Are your images slick and polished, when you’re after a rougher, more urban feel? Mess things up a little: David and Sarah Cousens show you how.
Photoshop can help you make great images, but the images can sometimes look a bit too clean and manufactured. This tutorial will show you how to incorporate some gritty textures and get a little dirty.
We’ve included a whole load of fun extras for you on the right, including our custom brushes for flat colouring, shading and sketching so if you want to make the image right from the start, you have everything you need to start drawing directly in Photoshop.
Don’t panic if you’re not into drawing, we’ve included the high-res lines for this image so you can dive in at the colouring stage. There are also some images that we spray-painted for you, as well as a texture from May Ang’s brilliant texture archive, which you can find at www.mayang.com/textures. This tutorial requires Mac’s Remove White filter, which you can download from www.photoshop-filters.com/html/macks.htm.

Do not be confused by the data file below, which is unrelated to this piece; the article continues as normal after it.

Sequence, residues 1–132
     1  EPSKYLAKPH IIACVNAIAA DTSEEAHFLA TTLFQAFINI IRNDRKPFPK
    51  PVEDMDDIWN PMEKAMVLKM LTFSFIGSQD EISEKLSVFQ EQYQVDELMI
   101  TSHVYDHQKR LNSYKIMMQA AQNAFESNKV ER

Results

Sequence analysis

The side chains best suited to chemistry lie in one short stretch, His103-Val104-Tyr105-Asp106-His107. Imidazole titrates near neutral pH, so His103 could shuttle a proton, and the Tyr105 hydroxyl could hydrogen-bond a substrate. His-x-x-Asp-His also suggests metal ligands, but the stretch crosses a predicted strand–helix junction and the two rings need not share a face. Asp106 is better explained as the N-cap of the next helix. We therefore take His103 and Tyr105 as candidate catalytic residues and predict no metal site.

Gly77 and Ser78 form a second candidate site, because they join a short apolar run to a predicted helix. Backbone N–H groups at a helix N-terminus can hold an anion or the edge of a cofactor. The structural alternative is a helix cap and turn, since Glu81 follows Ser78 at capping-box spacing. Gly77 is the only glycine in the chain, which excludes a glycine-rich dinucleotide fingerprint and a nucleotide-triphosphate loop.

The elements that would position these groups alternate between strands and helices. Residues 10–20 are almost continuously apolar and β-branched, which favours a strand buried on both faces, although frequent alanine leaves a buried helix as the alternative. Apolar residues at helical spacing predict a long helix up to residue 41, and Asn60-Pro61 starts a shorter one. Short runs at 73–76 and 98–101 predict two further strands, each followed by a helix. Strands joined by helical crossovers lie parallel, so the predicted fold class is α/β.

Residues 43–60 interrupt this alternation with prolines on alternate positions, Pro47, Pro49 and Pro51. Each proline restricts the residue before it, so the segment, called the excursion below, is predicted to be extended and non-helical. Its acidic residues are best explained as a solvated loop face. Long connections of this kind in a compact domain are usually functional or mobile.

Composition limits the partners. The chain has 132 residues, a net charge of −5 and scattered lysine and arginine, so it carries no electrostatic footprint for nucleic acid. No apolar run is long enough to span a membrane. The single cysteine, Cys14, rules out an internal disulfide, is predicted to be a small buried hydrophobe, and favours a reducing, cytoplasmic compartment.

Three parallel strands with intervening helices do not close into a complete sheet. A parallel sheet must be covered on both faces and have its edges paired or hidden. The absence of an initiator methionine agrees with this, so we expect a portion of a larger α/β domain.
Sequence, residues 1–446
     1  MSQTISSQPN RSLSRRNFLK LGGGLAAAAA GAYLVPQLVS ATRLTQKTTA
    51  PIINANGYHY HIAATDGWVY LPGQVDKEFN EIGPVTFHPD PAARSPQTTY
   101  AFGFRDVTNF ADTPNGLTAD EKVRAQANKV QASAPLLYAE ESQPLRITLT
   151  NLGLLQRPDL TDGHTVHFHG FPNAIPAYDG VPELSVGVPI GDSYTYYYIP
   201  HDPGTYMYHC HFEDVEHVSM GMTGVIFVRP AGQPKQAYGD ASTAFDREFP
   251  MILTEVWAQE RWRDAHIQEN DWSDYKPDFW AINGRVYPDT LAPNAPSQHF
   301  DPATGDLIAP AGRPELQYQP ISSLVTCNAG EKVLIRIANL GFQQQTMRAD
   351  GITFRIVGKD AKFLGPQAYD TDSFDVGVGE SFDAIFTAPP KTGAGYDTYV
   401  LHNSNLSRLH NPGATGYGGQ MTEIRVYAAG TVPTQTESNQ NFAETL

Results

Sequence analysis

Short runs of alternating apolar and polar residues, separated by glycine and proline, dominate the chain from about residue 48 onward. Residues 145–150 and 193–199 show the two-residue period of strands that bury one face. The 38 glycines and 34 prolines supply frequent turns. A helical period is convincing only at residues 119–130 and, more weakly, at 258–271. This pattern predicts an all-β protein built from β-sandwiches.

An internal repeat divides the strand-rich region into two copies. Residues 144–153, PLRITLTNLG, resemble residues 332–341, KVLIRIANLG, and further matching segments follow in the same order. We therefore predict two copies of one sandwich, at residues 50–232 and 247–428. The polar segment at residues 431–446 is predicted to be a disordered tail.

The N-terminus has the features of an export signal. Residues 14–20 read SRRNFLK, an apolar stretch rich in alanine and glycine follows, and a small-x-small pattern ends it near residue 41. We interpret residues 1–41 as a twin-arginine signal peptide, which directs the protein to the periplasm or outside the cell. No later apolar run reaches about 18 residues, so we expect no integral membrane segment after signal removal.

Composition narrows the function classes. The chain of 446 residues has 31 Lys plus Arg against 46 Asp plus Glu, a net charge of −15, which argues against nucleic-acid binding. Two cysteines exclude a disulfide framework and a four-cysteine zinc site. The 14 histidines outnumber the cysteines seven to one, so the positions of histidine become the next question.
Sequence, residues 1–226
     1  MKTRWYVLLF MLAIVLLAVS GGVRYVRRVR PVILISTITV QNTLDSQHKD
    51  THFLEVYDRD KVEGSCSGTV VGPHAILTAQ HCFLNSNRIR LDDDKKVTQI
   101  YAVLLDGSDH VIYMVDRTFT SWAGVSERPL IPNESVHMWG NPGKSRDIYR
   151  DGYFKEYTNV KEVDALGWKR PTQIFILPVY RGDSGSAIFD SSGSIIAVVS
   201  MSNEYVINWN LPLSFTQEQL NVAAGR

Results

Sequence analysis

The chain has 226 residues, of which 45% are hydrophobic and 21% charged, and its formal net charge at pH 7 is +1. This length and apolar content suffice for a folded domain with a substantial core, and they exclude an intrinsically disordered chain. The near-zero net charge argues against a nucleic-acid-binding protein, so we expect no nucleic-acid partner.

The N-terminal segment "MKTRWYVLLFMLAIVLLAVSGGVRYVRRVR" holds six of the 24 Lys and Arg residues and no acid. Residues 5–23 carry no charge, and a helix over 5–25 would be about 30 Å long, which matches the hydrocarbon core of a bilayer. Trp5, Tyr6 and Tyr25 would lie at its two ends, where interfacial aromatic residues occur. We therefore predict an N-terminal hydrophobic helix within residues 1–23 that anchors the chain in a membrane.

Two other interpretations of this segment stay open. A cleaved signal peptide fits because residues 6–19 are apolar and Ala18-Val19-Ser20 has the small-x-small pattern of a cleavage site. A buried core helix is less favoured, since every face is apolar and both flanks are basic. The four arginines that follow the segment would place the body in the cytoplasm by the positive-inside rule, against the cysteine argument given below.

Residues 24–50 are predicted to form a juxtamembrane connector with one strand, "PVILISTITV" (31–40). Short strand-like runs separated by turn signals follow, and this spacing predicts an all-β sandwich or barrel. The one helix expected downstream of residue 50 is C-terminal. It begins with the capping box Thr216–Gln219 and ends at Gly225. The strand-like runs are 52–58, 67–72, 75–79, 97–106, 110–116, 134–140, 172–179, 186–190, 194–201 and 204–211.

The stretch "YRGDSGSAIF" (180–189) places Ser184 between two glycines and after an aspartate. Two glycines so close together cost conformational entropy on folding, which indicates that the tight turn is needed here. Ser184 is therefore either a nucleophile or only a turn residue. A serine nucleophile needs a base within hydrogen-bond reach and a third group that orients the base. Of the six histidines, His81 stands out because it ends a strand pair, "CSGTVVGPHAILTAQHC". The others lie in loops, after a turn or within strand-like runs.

We started by roughly sketching the character and tracing over it. If you’d rather start with out traced version, open Adrenaline- Lines.jpeg from the cover disc, make a new layer from the background, and name the layer ‘Lines’.
Run Mac’s ‘Remove White’ filter to eliminate the white pixels. Click ‘Lock Transparent Pixels’ in the Layers palette. Immediately below ‘Lines’ make a layer called ‘Blends’, followed by ‘Hair’, ‘Clothes2’, ‘Clothes’, ‘Skin’ and ‘Background’. Make one final layer called ‘Above’ and place it above the ‘Lines’ layer.
Block in the flat colours on their respective layers using Dave C’s flat colour brush (from the cover disc), ensuring that no sections of different colour on the same layer are touching. Use the square brackets – [ and ] – to reduce and increase the brush size respectively. Use the biggest brush possible to speed things up here. Starting with ‘Hair’, Cmd/Ctrl + left-click the thumbnail of each layer to select everything on that layer, and hit Backspace on each layer below to delete any overlap between layers. This will make shading much easier.